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Transitions to Alternative Transportation Technologies: A Focus on Hydrogen (2008)

Chapter: Appendix B Presentations at Committee Meetings

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Suggested Citation:"Appendix B Presentations at Committee Meetings." National Research Council. 2008. Transitions to Alternative Transportation Technologies: A Focus on Hydrogen. Washington, DC: The National Academies Press. doi: 10.17226/12222.
Page 120

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Appendix B Presentations at Committee Meetings FIRST COMMITTEE MEETING: Fred Joseck and Mark Paster (DOE), Brian James FEBRUARY 20-22, 2007, WASHINGTON, D.C. (Directed Technologies Inc.): Meeting with Committee’s Infrastructure Team JoAnn Milliken, Program Manager, Hydrogen, Fuel Cells, Richard Hess and Maggie Mann, DOE: Biomass and Infrastructure Technologies, U.S. Department of Lowell Miller, DOE: Coal, FutureGen and CO2 Energy (DOE): Overview of the Hydrogen Challenge Sequestration Programs and Federal Effort David Greene, Oak Ridge National Laboratory (ORNL): Sig Gronich, Office of Hydrogen, Fuel Cells and Modeling, Scenarios, and the Transition Infrastructure Technologies Program, DOE: Steve Plotkin, Argonne National Laboratory (ANL): Overview of DOE’s Transition Analysis Effort Examining Hydrogen Transitions Robert Rose, U.S. Fuel Cell Council: Discussion of Fuel Frances Wood (On Location, Inc.), Fred Maples (DOE- Cell Council Report, Fuel Cells and Hydrogen: The Energy Information Agency); Timothy Johnson (U.S. Path Forward Environmental Protection Agency): Meeting with Arthur Katsaros, Air Products: Strategies and Costs for a committee’s Scenarios Team Hydrogen Fuel Infrastructure Johanna Levee (National Renewable Energy Laboratory) Dan Rastler, Electric Power Research Institute: Roles and Knut Harg (Norsk-Hydro), Brian James and Opportunities for Power Companies in the (Directed Technologies Inc.), and Mark Paster Hydrogen-electric Economy (DOE): Meeting with Committee’s Technology Robert W. Shaw, Aretê Corporation: Role of Entrepreneurs Readiness Team and the Venture Capital Sector in a Transition Joan Ogden, University of California, Davis: Hydrogen Transition Issues THIRD COMMITTEE MEETING: JUNE 25-26, 2007, WASHINGTON, D.C. SECOND COMMITTEE MEETING: Kelly Fletcher, GE Research: Hydrogen; Transitioning to APRIL 18-20, 2007, WASHINGTON, D.C. Carbon-free Energy Jon Bereisa, General Motors: GM’s Fuel Cell Plans and Ben Knight, Honda Motor Corporation: Honda’s Hydrogen Programs Programs and Expectations Taiyo Kawai and Bill Reinert, Toyota: Toyota’s Plans Phillip Baxley, Shell Hydrogen: Shell’s Hydrogen and Programs for Hydrogen and Other Advanced Programs and Expectations Vehicles K.G. Duleep, ICF: The Hydrogen Transition and Catherine Dunwoody, California Fuel Cell Partnership: Competing Conventional Fuel Economy Technology California’s Plans for Hydrogen JoAnn Millikin, DOE: DOE’s Perspective on How the Bryan Jenkins, University of California, Davis: Biofuels Committee’s Study Could Be Used by DOE’s and H2 from Biomass Programs 120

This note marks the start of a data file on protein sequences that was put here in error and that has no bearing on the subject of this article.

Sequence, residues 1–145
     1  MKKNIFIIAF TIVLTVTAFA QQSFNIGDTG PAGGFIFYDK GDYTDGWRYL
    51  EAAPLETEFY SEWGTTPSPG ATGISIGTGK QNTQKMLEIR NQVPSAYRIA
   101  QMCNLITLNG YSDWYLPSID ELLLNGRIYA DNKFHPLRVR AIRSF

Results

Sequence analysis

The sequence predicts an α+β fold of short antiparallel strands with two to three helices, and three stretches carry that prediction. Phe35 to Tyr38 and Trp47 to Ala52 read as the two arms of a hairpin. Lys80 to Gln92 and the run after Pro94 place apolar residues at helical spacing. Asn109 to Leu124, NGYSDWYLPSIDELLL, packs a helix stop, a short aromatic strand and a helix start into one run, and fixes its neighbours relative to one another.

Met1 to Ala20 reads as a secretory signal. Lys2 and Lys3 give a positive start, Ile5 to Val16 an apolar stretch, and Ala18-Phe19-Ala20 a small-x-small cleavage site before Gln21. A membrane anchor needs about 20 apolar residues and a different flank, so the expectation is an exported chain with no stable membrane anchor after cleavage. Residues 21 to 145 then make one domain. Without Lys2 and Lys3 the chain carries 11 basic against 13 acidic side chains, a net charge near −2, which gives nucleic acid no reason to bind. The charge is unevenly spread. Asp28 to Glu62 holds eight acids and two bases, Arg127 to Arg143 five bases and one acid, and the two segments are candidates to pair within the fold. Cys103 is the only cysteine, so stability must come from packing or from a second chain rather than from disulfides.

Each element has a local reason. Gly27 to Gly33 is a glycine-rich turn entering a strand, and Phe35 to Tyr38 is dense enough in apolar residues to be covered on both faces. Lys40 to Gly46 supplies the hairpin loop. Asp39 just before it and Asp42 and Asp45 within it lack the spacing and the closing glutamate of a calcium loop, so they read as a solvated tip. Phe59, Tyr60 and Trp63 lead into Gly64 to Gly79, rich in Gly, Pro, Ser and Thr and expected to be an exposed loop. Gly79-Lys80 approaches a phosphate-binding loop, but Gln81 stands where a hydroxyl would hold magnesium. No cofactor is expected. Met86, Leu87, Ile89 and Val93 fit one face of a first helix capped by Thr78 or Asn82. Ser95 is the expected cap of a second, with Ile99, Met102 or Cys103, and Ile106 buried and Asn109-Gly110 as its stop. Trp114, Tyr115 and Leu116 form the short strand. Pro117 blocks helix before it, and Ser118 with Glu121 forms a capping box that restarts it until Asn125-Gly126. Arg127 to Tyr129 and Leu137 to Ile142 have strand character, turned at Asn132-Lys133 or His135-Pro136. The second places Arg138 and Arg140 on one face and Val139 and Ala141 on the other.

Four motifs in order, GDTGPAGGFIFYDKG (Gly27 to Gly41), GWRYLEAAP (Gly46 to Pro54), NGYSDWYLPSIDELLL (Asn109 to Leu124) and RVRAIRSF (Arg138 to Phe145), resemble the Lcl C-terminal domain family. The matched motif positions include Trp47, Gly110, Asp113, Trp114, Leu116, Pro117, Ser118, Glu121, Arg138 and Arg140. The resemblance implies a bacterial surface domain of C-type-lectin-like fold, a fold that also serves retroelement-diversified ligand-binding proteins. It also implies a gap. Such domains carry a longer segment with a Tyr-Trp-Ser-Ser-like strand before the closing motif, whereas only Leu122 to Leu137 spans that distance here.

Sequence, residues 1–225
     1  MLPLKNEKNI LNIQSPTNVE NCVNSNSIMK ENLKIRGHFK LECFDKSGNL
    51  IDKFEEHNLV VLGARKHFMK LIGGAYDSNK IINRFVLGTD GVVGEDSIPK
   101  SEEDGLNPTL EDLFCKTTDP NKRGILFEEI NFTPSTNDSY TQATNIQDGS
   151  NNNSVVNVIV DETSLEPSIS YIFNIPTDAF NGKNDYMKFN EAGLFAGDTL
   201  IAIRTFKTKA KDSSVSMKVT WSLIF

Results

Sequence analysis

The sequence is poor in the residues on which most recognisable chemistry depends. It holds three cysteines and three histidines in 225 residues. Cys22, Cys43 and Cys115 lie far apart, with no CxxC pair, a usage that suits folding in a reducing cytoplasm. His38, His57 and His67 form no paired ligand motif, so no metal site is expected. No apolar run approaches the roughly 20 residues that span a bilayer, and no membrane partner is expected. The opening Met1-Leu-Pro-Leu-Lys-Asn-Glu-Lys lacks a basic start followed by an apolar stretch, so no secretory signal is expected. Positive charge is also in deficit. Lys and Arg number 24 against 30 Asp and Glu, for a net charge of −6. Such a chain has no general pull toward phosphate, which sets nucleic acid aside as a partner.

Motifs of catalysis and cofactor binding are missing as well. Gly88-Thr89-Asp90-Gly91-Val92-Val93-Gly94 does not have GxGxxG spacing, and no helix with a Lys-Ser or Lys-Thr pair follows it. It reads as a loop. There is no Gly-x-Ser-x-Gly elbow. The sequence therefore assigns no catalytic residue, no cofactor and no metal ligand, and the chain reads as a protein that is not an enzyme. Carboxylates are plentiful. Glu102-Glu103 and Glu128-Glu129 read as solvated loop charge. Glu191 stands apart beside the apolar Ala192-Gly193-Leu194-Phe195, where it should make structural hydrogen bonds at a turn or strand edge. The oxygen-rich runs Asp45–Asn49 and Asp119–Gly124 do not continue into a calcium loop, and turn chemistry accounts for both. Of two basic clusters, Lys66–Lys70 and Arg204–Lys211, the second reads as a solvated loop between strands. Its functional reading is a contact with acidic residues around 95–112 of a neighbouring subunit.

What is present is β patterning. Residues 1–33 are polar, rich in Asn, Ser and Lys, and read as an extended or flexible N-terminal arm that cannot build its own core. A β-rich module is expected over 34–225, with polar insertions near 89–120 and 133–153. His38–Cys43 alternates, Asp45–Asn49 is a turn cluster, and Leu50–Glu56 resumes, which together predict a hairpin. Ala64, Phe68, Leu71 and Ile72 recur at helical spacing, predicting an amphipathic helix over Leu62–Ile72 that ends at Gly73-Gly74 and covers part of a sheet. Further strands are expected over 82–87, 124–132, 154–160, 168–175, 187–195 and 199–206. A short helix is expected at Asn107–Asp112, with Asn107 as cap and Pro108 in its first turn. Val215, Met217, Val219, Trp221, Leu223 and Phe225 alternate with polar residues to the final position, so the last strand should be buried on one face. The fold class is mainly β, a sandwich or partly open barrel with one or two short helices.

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Hydrogen fuel cell vehicles (HFCVs) could alleviate the nation's dependence on oil and reduce U.S. emissions of carbon dioxide, the major greenhouse gas. Industry-and government-sponsored research programs have made very impressive technical progress over the past several years, and several companies are currently introducing pre-commercial vehicles and hydrogen fueling stations in limited markets.

However, to achieve wide hydrogen vehicle penetration, further technological advances are required for commercial viability, and vehicle manufacturer and hydrogen supplier activities must be coordinated. In particular, costs must be reduced, new automotive manufacturing technologies commercialized, and adequate supplies of hydrogen produced and made available to motorists. These efforts will require considerable resources, especially federal and private sector funding.

This book estimates the resources that will be needed to bring HFCVs to the point of competitive self-sustainability in the marketplace. It also estimates the impact on oil consumption and carbon dioxide emissions as HFCVs become a large fraction of the light-duty vehicle fleet.

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